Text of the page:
The weather this week hasn't been the best carping weather with the high pressure but might help us out in the long run because it has been warm during the days, a few of which have been 16c and most have been sunny and the clear nights have been getting down to -2c but nothing too bad, with the cloudy nights being 5 or 6 degrees warmer, all resulting in the water temperature not going down any, which can't be a bad thing and if these sort of day temperatures keep coming then the water temperature will start to creep up which is probably our main hope of getting a few more fish moving about. There has been no rain so the levels are pretty much staying put , just going down a little each day as the hydro-electric dam does its stuff.

See you soon

Saturday, 16 January 2010

Its A Grueller

Good evening fellow bloggerts.

As the title of this post says, the session has now been put into the grueller category. When the number of weeks you've been fishing is greater than the total number of fish landed, its a grueller, and seen as we've landed only six carp in eight weeks it is certainly in that category. Apart from the fish count, its still enjoyable and its more than exciting knowing that there are some very big fish to be had out of this famous old lake. Its not through want of trying that we haven't had more fish, all sorts of variations in presentation, areas, depths, baits and so on have all been given a go in some favourable and not so favourable conditions and because of the length of the session, things have been tried for a few days and not a few hours but the bottom line is that there haven't been loads of fish in the south arm.

Since the last post, Paul moved up to the top of the south arm and I moved opposite him a few days later to again what looks like a very good area, and I'm sure at times it is but all its produced is a 14lb common for Jonesy and a slimey slab for myself. The north arm has eventually got slightly less manic than it normally is so the plan is to move in there tomorrow and try to get the old averages up. From what we've heard its producing a fish per day, which isn't a lot between all the anglers in there but we are sure that there are more fish up there than in the south.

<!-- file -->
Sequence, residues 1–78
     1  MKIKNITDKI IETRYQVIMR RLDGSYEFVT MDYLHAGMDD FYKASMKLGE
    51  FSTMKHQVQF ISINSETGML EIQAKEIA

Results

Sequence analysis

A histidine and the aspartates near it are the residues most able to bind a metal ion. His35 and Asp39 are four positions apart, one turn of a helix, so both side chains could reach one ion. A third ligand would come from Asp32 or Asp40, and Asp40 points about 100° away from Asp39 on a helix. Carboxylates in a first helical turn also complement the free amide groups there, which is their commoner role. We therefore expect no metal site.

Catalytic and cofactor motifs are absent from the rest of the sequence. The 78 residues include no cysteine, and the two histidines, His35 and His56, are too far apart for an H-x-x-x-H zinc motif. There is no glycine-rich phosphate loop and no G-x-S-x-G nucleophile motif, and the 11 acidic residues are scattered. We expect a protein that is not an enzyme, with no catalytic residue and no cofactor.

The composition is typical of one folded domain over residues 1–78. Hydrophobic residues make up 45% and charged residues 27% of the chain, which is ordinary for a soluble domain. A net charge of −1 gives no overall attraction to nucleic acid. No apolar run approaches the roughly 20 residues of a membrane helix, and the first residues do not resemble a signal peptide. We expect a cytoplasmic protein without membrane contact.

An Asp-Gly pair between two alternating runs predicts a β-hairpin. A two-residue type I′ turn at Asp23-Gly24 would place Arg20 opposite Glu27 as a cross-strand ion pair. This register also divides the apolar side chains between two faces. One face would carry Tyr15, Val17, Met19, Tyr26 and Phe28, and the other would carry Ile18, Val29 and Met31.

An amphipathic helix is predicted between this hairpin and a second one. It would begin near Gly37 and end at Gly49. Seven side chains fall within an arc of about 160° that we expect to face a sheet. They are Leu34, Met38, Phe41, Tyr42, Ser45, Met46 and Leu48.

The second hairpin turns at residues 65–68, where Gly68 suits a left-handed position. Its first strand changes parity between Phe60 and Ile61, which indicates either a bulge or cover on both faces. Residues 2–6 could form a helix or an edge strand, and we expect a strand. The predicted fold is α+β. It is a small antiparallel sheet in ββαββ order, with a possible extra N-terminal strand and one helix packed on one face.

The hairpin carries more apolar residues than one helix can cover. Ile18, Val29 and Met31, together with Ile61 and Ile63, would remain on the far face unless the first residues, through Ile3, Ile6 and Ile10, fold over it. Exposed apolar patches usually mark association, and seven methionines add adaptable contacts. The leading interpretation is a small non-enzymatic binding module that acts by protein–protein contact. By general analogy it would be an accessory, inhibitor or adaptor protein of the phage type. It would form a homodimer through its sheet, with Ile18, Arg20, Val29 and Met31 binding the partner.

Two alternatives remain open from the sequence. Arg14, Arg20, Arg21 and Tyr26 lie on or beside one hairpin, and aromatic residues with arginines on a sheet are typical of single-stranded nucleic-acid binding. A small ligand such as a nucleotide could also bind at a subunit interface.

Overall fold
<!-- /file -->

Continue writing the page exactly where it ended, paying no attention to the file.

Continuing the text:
The south arm itself is virtually devoid of carpers apart from myself and the Poisoned One so its been a peaceful period in that respect but both of us will be glad to see the back of the south arm road which, if you're fishing on that side of the arm, can be like some sort of interrogation technique, from 5am up to midnight its constant traffic and something we weren't expecting before arriving at Cassien. As you can see from the photo of the swim, and those of you that have been here will know, the lake is set in wonderful surroundings but some things here can be testing and eight weeks of that south arm road is certainly that. Saying that, we'll probably end up next to the bridge or one of the swims near to the road in the west arm, you really need to be half way up the north arm to escape it completely.

The weather has been changing all the time recently, we've had snow, sun, rain, lots of rain, cold days and not so cold nights, so we've had the lot in the last ten days or so although the levels in the lake aren't changing that much from day to day and if anything the water temperature has risen ever so slightly.

See you soon

Tuesday, 5 January 2010

Bon Fete

Good evening and happy new year fellow bloggniks.

Its been a carpless week but Mr Jones had a bream and as much as I keep telling him they don't count, I'm sure I saw him logging it in his big fish book but he won't admit it.